Planet B

Opinion writer Zach Freeman describes what other celestial bodies in our solar system have the best chance of supporting life in the future.

That’s one small step for a man, one giant leap for mankind.”

These words, spoken 51 years ago, changed our history forever. Since that moment, we’ve dreamt about when we will return to the stars for good. This wish may seem like science fiction to some, but it will be a reality as long as we survive. We’ve already sent out probes to discover more about the cosmos. One of them, Kepler, found a planet around the same size as Earth, potentially with Earth-like temperatures, orbiting a red dwarf star. An associate administrator of NASA said, "This intriguing, distant world gives us even greater hope that a second Earth lies among the stars, waiting to be found," The only problem is that it’s 300 light-years away.

Sadly, any number of light-years is too far for us to travel right now. But before you put down your phasers and Spock ears in dejection, we can’t forget about our solar neighborhood: Mars, Venus and the other five planets — sorry Pluto — that orbit our sun.

Mars has been the setting for multitudes of films in the past century. Since landing on the moon, experts have seen the Red Planet as the most logical next step in space exploration. Companies like Mars One and SpaceX have committed to reaching and establishing permanent settlements on Mars soon. Scientists have found liquid water on the planet’s surface. This finding and the presence of organic molecules, like methane, lead many to suspect that it once harbored life. Along with Mars’ similar size and day length to Earth, many see it as a great candidate for colonization.

Venus, a planet long shrouded in mystery by its dense toxic atmosphere, may also have incredible potential. It was announced on Sept. 14 that phosphines — a possible sign of life — were detected in the planet’s clouds. Life is the only thing known to create molecules like phosphine on rocky planets. This discovery has led to much debate and speculation. Before picking a camp, it’s important to note that the 1978 Pioneer 13 mission, which sent a probe into Venus’ atmosphere, also detected phosphine. Skeptics wrote off this discovery as a mistake, and the press did not broadly publicize it. With recent goings-on, reanalysis of this data has been the confirmation for which many have been looking.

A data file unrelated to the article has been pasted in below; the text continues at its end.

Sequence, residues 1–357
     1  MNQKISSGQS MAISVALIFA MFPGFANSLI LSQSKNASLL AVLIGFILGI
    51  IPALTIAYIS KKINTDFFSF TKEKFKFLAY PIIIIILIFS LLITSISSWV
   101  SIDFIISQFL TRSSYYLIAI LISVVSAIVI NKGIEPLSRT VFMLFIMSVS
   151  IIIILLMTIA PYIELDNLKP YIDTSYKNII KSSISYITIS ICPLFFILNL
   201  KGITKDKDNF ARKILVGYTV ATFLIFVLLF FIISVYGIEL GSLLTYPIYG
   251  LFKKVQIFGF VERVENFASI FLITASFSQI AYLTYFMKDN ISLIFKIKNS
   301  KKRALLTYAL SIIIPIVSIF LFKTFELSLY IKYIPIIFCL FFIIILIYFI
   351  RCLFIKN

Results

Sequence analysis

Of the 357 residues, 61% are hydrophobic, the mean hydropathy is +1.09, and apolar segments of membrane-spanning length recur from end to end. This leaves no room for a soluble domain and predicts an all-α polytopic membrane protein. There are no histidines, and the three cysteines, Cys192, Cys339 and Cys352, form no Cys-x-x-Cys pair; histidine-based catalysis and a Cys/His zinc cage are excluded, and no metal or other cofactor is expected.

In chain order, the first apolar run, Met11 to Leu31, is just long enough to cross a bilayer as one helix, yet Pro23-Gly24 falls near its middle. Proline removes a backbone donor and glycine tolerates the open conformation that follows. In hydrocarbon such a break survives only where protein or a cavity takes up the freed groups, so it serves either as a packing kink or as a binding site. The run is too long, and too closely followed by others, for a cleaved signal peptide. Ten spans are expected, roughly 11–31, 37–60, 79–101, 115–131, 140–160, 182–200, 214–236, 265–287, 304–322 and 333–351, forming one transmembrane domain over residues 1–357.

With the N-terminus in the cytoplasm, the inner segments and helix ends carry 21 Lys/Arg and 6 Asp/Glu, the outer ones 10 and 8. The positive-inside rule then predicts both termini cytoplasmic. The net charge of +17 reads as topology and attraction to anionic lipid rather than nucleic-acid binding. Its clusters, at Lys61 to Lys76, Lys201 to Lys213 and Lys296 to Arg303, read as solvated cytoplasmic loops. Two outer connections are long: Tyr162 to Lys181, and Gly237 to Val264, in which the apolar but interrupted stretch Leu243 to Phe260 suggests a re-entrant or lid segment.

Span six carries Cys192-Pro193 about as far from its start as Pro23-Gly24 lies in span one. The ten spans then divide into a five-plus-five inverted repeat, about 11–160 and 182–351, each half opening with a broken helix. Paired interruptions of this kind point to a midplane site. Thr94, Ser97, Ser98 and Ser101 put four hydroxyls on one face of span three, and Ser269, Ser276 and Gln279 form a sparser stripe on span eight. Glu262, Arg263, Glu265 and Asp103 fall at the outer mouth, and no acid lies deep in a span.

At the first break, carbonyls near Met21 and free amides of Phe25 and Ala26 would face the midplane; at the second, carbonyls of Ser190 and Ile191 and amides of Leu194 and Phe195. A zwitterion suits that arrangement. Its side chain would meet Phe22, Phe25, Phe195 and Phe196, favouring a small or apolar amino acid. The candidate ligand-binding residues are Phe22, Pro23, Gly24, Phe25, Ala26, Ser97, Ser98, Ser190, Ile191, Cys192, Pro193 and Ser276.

As far back as the 1960s, famous astronomer Carl Sagan theorized Venus could support life. High in the Venusian clouds, temperatures and pressure are almost perfect for human existence. Imagine an alien world full of floating human cities and airships. Venus also comes with the added benefit of having large amounts of deuterium. Explorers can also use this isotope commonly used in nuclear fusion reactors to create water. Based on what we know right now, Venus may be our most exciting option.

Earth’s moon, having been long abandoned by human boots, is a celestial body that doesn’t come to mind when thinking about habitable environments. But the future of our survival may lay underneath the moon’s surface, in lunar lava tubes. These underground tunnels and pockets sustain a relatively stable and warm environment. Sealed off from the outside, they could make our return to the moon cozy enough to stay.

Two of Jupiter’s 79 moons, Europa and Ganymede, hold oceans of liquid water underneath a thick icy shell. Whether these oceans are capable of supporting life or when they may be accessible to us remains unknown, but this fact adds these two bodies to the list of potential future homes for our species.

Now thinking about the potential and logistics for colonizing other celestial bodies raises countless questions. If these locations do have life, should their protection be prioritized over human interests? Who has the rights to resources on other planets? How should these colonies be governed and represented on the inter-world stage? Before we’re ready to answer these questions, I believe there’s still a lot we have to figure out on Earth. Though space exploration and colonization may be inevitable, I have to hope that it isn’t necessary.

Venus is trapped in a bubble of hot greenhouse gasses. Mars is thinly-protected, with a cold, sterile surface. Right now, these two best serve as a warning of what our home could become. Destroying the Earth and moving on to the next planet is not a strategy that we can sustain. Even a good plan B is no replacement for the best plan A. So before we rush off to find new homes in our solar system, we must address climate change and the many other problems that make life on our planet harder. When the right time does come, the words of the last man on the moon, Gene Cernan, will finally be realized.

"We leave as we came and, God willing, as we shall return, with peace, and hope for all mankind."

Zach Freeman is an anthropology junior and opinion writer for The Battalion.

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